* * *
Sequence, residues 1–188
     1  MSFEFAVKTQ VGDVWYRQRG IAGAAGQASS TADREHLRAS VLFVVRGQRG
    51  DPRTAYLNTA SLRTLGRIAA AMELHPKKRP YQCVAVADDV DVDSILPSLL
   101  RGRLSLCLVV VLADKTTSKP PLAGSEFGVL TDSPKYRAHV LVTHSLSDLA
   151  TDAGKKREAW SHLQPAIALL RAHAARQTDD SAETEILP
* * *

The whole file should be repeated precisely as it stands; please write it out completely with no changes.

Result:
Sequence, residues 1–188
     1  MSFEFAVKTQ VGDVWYRQRG IAGAAGQASS TADREHLRAS VLFVVRGQRG
    51  DPRTAYLNTA SLRTLGRIAA AMELHPKKRP YQCVAVADDV DVDSILPSLL
   101  RGRLSLCLVV VLADKTTSKP PLAGSEFGVL TDSPKYRAHV LVTHSLSDLA
   151  TDAGKKREAW SHLQPAIALL RAHAARQTDD SAETEILP